HALIFAX — Ten things you should know about the Transportation Safety Board report on the 2015 crash landing of Air Canada Flight 624 at Halifax Stanfield International Airport:
1. Multiple factors were to blame, including approach procedures, poor visibility and airfield lighting.
2. The auto pilot was set at the correct angle of descent, but the pilots did not notice the plane was pushed off its flight path by wind.
3. The pilots were slow to recognize the plane was too low because of "plan continuation bias."
4. Air Canada procedures did not require the flight crew to monitor the aircraft's altitude and distance to the runway.
5. The crew requested that runway lights be adjusted to their maximum setting, but the controller was "preoccupied" with snowplows and other aircraft.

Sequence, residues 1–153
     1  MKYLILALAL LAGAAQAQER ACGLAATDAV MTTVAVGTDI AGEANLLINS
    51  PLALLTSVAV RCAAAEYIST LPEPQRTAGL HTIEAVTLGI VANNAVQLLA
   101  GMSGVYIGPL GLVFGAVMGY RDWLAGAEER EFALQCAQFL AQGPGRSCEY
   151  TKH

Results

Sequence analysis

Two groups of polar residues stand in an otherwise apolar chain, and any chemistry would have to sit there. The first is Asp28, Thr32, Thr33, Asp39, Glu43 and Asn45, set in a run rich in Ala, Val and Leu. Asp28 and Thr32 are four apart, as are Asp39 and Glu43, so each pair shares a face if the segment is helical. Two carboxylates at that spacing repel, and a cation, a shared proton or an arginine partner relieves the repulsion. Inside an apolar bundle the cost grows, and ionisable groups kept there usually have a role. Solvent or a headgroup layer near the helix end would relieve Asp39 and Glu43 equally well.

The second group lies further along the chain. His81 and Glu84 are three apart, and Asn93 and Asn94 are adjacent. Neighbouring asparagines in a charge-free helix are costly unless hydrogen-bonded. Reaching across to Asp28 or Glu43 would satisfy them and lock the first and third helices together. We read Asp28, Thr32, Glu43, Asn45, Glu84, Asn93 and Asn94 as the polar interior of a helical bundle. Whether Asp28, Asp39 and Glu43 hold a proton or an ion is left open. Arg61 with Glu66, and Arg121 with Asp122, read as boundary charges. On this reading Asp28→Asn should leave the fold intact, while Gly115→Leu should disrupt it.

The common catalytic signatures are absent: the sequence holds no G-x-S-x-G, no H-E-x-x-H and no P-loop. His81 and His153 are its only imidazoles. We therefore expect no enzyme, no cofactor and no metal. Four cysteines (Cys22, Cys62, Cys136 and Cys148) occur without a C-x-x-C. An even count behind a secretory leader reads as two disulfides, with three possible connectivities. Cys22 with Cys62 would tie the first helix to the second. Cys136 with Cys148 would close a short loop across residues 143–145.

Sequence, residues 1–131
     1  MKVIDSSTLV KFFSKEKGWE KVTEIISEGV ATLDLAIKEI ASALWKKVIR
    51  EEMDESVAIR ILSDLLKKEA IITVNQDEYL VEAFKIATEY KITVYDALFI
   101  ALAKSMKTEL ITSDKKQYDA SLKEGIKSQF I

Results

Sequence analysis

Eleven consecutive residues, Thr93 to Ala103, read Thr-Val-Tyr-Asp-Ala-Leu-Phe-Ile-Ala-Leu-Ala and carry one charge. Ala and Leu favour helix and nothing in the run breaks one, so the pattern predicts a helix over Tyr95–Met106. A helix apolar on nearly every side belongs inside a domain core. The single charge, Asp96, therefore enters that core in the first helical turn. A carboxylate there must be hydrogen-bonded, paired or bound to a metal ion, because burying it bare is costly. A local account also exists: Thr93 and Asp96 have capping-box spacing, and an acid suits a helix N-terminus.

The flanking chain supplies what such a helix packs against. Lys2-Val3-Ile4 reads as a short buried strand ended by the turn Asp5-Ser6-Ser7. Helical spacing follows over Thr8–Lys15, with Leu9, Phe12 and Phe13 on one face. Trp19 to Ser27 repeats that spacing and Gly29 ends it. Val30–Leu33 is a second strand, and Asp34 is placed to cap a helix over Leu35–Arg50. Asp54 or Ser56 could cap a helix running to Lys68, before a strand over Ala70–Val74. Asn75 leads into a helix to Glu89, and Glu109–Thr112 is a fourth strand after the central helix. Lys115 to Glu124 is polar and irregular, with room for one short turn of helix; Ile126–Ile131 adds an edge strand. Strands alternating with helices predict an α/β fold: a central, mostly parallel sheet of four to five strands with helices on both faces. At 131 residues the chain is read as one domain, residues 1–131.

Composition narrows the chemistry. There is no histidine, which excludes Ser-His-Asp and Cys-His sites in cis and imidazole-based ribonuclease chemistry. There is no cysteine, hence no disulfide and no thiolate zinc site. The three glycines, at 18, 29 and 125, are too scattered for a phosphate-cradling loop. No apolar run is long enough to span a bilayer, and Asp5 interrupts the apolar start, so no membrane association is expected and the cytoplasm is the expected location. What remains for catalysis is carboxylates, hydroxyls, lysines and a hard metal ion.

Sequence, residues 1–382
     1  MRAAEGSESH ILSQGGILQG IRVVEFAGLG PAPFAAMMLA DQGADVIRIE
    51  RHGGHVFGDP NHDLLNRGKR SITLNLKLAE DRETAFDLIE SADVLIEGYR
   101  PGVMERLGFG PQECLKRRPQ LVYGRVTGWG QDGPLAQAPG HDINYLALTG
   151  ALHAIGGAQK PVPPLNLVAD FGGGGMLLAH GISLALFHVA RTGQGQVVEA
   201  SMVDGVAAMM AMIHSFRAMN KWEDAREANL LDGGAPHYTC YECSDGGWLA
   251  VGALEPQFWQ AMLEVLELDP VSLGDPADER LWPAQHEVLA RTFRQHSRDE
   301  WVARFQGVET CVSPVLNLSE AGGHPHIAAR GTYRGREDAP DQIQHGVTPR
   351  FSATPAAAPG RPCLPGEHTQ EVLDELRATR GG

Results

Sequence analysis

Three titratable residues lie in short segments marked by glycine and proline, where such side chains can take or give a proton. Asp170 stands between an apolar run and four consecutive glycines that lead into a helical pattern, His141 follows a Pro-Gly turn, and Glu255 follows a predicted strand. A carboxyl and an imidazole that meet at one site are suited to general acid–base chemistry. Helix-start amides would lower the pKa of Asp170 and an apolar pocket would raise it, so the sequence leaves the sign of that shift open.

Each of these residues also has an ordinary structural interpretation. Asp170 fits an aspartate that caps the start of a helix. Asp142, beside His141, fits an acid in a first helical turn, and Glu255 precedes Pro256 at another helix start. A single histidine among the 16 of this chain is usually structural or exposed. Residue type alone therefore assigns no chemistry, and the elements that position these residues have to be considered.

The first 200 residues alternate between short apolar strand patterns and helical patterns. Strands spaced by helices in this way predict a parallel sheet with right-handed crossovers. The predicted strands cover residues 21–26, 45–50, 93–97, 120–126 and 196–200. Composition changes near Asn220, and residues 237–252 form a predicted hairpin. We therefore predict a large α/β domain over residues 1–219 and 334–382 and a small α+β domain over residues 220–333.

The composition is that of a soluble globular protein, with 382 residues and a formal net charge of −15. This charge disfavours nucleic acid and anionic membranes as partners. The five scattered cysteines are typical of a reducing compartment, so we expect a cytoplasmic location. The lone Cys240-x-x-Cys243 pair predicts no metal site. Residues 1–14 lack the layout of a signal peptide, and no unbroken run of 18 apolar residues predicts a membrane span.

6. During the crash landing, the captain and co-pilot struck the glare shield with their heads because their shoulder harnesses never locked in: "The glare shield had corresponding dents from the head impacts."
7. The captain was diagnosed with obstructive sleep apnea in 2009, and he was at risk of fatigue related to chronic sleep disruption, but there was "no indication" fatigue played any role in the crash.
8. Most of the passengers' injuries "were consistent with their having jackknifed at the lap belt and flailing forward due to longitudinal forces, then striking either the back of the forward seat or another surface, or both."
9. One passenger held an infant with both arms, and both "had injuries consistent with hitting the back of the seat in front."
10. Stranded passengers were not retrieved from the freezing tarmac for 50 minutes because of multiple factors, including the severe weather, the failure of standby generators, the loss of the airport operations radio network, and the lack of arrangements for the dispatch of transportation vehicles.
The Canadian Press